Lawns May Contribute to Global Warming
CORRECTION: Due to an error discovered in the scientific paper after this article was posted, the story below has been updated to remove a statement that emissions from lawn maintenance could "exceed four times" the carbon they end up storing, and replace it with “similar to or greater than.”

According to Jennifer Fitzenberger, assistant director of media relations at the University of California, Irvine: "Emissions from lawn maintenance are now 'similar to or greater than' the amount of carbon stored by ornamental grass in parks , depending on management intensity...There was a spreadsheet error in the scientific paper caught after our release went out, hence the revised numbers. The overall message still stands though, that turfgrass management can create more greenhouse gas than plants remove from atmosphere."

Lush green lawns may not be as good for the environment as you might think.

A new study suggests that, in certain parts of the country, total emissions would actually be lower if there weren't any lawns.

Previous studies have demonstrated that lawns comprised of turfgrass can potentially function as carbon sinks since they help remove carbon dioxide from the atmosphere. But the maintenance of lawns — fertilizer production, mowing, leaf blowing and other lawn management practices — may generate greenhouse gas emissions that ultimately are similar to or greater than the carbon they end up storing, according to the study.

"Lawns look great — they're nice and green and healthy, and they're photosynthesizing a lot of organic carbon," said researcher Amy Townsend-Small,who co-authored the study. "But the carbon-storing benefits of lawns are counteracted by fuel consumption."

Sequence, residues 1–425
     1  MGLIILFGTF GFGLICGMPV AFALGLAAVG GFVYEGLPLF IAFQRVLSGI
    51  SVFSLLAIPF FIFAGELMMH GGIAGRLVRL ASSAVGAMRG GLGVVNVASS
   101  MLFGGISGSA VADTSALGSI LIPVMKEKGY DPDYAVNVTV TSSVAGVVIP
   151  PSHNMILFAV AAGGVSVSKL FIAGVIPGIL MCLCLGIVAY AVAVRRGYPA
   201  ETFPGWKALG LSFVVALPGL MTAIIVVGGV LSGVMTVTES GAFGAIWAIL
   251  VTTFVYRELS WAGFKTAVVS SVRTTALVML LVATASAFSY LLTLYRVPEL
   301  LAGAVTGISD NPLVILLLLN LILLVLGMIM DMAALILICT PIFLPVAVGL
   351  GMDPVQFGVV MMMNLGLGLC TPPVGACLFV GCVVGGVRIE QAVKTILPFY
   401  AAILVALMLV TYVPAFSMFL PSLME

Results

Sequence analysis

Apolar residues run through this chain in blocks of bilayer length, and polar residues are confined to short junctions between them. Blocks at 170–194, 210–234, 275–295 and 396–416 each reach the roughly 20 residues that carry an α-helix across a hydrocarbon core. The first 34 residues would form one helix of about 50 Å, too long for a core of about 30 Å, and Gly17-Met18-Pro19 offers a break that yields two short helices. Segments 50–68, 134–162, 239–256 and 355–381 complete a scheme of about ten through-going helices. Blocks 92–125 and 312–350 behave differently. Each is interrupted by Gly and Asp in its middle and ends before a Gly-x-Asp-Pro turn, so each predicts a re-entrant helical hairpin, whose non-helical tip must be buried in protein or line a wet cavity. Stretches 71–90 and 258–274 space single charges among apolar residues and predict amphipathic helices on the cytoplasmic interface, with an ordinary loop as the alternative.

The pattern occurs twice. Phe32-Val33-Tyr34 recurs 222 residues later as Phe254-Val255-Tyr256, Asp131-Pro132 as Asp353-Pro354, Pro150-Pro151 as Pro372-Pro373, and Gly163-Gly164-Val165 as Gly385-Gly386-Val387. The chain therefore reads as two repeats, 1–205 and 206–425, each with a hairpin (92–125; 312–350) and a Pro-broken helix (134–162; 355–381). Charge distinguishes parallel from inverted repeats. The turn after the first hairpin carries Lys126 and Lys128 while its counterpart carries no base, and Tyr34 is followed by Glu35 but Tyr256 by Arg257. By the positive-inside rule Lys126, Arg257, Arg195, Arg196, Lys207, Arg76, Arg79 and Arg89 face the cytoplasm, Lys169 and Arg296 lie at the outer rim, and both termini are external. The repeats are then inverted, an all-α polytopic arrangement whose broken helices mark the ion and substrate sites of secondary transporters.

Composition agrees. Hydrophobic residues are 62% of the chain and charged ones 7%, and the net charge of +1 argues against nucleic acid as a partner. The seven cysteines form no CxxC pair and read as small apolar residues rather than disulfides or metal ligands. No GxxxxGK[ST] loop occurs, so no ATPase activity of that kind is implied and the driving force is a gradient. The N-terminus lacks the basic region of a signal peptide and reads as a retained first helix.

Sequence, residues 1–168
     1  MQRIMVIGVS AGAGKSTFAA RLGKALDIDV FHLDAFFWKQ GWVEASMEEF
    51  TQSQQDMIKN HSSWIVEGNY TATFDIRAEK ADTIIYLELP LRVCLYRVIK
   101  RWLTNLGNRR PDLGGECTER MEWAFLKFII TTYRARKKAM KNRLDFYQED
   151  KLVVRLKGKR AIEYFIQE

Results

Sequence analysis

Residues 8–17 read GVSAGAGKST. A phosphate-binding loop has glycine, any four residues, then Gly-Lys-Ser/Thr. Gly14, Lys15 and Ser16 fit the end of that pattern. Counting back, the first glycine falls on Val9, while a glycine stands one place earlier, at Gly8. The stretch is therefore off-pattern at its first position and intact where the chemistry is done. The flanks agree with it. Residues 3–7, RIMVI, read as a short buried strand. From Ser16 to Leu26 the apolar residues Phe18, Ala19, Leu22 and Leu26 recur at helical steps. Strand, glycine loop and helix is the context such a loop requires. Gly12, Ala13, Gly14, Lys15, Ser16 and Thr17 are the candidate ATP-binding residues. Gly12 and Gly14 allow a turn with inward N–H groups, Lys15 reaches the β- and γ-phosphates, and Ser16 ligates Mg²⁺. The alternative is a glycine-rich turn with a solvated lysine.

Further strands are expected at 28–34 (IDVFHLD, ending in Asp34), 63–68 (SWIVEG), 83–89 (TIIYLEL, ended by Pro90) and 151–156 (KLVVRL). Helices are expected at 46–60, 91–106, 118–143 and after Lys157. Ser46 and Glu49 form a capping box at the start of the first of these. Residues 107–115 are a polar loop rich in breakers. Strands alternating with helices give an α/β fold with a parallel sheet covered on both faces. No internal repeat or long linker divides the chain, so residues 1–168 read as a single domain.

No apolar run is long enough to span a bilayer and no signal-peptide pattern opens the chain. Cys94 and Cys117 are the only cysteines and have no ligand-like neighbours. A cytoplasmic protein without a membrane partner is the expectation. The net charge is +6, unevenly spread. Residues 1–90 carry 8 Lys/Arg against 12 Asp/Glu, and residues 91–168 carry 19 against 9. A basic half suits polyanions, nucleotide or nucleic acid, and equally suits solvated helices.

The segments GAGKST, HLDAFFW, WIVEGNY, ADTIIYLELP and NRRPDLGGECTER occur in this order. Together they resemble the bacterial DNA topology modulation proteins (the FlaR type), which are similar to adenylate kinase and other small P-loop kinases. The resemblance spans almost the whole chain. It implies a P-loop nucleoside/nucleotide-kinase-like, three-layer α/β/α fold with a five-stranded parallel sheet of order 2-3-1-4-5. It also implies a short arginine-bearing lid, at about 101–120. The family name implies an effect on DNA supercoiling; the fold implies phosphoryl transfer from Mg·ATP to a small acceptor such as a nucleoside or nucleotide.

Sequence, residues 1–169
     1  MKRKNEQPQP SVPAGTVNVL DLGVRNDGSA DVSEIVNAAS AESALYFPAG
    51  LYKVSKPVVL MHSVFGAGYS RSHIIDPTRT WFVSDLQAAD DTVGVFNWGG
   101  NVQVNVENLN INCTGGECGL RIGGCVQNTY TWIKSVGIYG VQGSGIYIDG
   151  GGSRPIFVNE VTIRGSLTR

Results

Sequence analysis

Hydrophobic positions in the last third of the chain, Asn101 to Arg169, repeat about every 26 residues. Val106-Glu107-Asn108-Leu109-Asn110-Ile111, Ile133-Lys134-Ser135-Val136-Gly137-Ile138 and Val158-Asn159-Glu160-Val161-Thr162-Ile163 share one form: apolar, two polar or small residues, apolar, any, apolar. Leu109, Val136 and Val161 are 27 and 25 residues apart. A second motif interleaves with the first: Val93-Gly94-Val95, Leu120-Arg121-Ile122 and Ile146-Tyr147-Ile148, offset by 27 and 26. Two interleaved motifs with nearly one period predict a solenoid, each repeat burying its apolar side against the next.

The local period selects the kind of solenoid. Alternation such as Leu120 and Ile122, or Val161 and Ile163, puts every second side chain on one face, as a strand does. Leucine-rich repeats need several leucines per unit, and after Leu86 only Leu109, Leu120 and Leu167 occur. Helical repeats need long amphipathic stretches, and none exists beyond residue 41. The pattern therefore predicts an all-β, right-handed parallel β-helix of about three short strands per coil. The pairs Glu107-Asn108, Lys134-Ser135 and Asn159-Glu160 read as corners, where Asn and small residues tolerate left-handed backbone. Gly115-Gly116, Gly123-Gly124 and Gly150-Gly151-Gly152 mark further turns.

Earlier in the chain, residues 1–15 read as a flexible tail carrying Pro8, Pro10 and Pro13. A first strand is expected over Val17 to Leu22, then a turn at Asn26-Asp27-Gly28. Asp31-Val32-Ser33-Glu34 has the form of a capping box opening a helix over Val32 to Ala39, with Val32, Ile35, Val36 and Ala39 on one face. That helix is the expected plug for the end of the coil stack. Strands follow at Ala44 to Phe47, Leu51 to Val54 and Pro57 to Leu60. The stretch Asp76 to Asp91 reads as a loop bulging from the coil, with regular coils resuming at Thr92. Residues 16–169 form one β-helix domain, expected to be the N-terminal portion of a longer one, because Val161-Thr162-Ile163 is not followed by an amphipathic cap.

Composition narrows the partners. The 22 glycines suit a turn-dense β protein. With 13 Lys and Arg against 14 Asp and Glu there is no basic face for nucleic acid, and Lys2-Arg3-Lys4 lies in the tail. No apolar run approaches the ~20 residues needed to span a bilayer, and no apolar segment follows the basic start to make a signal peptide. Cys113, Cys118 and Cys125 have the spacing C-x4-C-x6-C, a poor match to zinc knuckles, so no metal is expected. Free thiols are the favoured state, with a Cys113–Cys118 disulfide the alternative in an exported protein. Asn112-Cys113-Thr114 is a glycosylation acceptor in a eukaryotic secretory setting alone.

To reach their conclusion, the researchers sampled grass from four parks around Irvine, Calif. that contained either ornamental lawn turf or athletic field turf, which tended to be more trampled and required replanting and frequent aeration. Samples were taken from the soil and air above the turf, and analyzed to measure carbon sequestration and nitrous oxide emissions. The investigators then compared that data to the amount of carbon dioxide emissions that resulted from maintaining the turf, which included fuel consumption, irrigation and fertilizer production.

The results, detailed in the forthcoming issue of the journal Geophysical Research Letters, showed that nitrous oxide emissions from lawns were comparable to those found in agricultural farms, which are considered among the largest emitters of nitrous oxide globally. In ornamental lawns, nitrous oxide emissions from fertilization offset just 10 percent to 30 percent of the carbon that was sequestered. But day-to-day management required fossil fuel consumption that released as much or more carbon dioxide than the plots could take up.

Athletic fields fared even worse. They didn't trap nearly as much carbon as ornamental grass but required just as much emission-generating care.

"It's impossible for these lawns to be net greenhouse gas sinks because too much fuel is used to maintain them," Townsend-Small said.